Sergey Ordzhonikidze: That is why they are afraid. They are very afraid that Russia will be the president of the Security Council. Very often, when a state presides over the Security Council, important political figures from the center (i.e. from that country's capital) come to this position. It is almost a tradition. That is, when a state wants to present its point of view to the international community as fully, objectively, and confidently as possible, this is how it happens. They are probably afraid of this as well.
Sputnik: Western leaders have repeatedly called for reforming the UN Security Council. Why are they not satisfied with the current format? What is Russia's position on this issue?
Sergey Ordzhonikidze: The UN Security Council was originally created with 15 states, and then it was expanded. And at the moment, the Security Council, which was conceived in 1945, of course, does not live up to the modern world's needs. Even though there has been an expansion of the Security Council. What the West wants to do - the West wants the Security Council to include allies, Western allies like Germany, Japan, and maybe some others. But then they would have a complete majority in the Council and the West would have a majority in the Council. In other words, they would not even have to think about getting nine votes.
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And our premise is, first of all, of course, the world has changed. But from our perspective, the world has changed enough that we have to translate that into realities. There are new countries in Asia, in Africa, in Latin America. Why is India, one of the largest countries in the world, not on the Security Council? Why is Brazil not on the Security Council? Not a single African state, for example South Africa, is on the Security Council. We do not want the world to be Western-centric. And we want that to be reflected in the composition of the Security Council.
Sputnik: Many have tried to change the organization. In 2005, when you were UN Under Secretary General, Kofi Annan proposed two options for reforming the Security Council. The first was to increase the number of members to 24, with six new permanent members and three new non-permanent members. The second was to create eight new seats, which would be elected every four years, and one non-permanent seat. Neither scenario was accepted by the UN member states. Can you recall why Kofi Annan's idea was not supported?
Sergey Ordzhonikidze: Of course, Kofi Annan was genuinely interested in this. One of the few Secretary Generals who was really interested in strengthening the UN and making it really effective. So he made this proposal. The question now is not how much to increase the size of the Council, but who will represent these numbers and which states will be on the Council, and as I said, this is where the fundamental disagreement exists.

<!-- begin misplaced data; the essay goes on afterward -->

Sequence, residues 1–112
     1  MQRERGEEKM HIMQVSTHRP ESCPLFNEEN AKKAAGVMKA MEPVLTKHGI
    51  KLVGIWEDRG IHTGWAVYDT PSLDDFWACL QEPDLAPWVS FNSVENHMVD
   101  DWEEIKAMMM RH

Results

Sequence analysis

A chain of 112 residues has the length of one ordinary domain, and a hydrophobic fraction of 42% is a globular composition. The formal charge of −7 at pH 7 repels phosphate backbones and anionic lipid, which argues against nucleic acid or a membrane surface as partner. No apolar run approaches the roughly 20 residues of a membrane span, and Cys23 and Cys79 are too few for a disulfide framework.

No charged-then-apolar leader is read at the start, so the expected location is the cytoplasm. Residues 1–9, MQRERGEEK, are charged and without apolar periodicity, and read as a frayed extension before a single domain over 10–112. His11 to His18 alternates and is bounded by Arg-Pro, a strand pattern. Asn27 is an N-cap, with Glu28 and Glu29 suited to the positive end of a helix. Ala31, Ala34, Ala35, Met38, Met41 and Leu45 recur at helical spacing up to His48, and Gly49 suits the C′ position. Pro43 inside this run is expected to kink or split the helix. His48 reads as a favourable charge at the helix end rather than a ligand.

I remember back in the 1970s there was a working group that was working on the expansion of the Security Council. It took a lot of time and years, but of course we got nowhere. The problem is which states think that expansion is necessary. We, of course, believe that the expansion of the Security Council is necessary. But not at the expense of the West having a dominant majority in the Security Council.
At that time, Annan's proposal was accepted, so to speak. The issue was discussed. But there was no agreement. That is, everyone said, yes, the Council should be expanded, and Western countries saw certain potential members on the Council, Russia and China saw others. The Third World saw someone else. That is, there was no clear consensus.
Sputnik: The possibility of abolishing the veto is one of the most debated issues in the Security Council reorganization. French President Emmanuel Macron, in his speech to the General Assembly, called for limiting the veto power of the permanent members of the Security Council. What do you think the abolition of the veto could lead to?
Sergey Ordzhonikidze: The veto is a cornerstone of the Security Council, and indeed of the United Nations, in support of international security measures. This understanding was there in 1945, and it is there now, many years later.
If there is no balance of power in the composition of the Security Council, if it is possible by some mechanical majority vote to impose certain decisions, including the use of force in international relations, and the Security Council can do that under the Charter - to use force under Chapter Seven - then of course the Security Council can only lead to another war.
By the way, here is a good example of this: American troops found themselves in Korea. How did they get there? Because the Soviets procedurally misbehaved in the Security Council. They took the decision of the Security Council and sent American troops there under the UN flag. Well, they gradually gathered their closest allies there.
© Photo : Sergei OrdzhonikidzeSergei Ordzhonikidze and Kofi Annan, 7th secretary-general of the United Nations
Sergei Ordzhonikidze and Kofi Annan, 7th secretary-general of the United Nations - Sputnik International, 1920, 31.03.2023
Sergei Ordzhonikidze and Kofi Annan, 7th secretary-general of the United Nations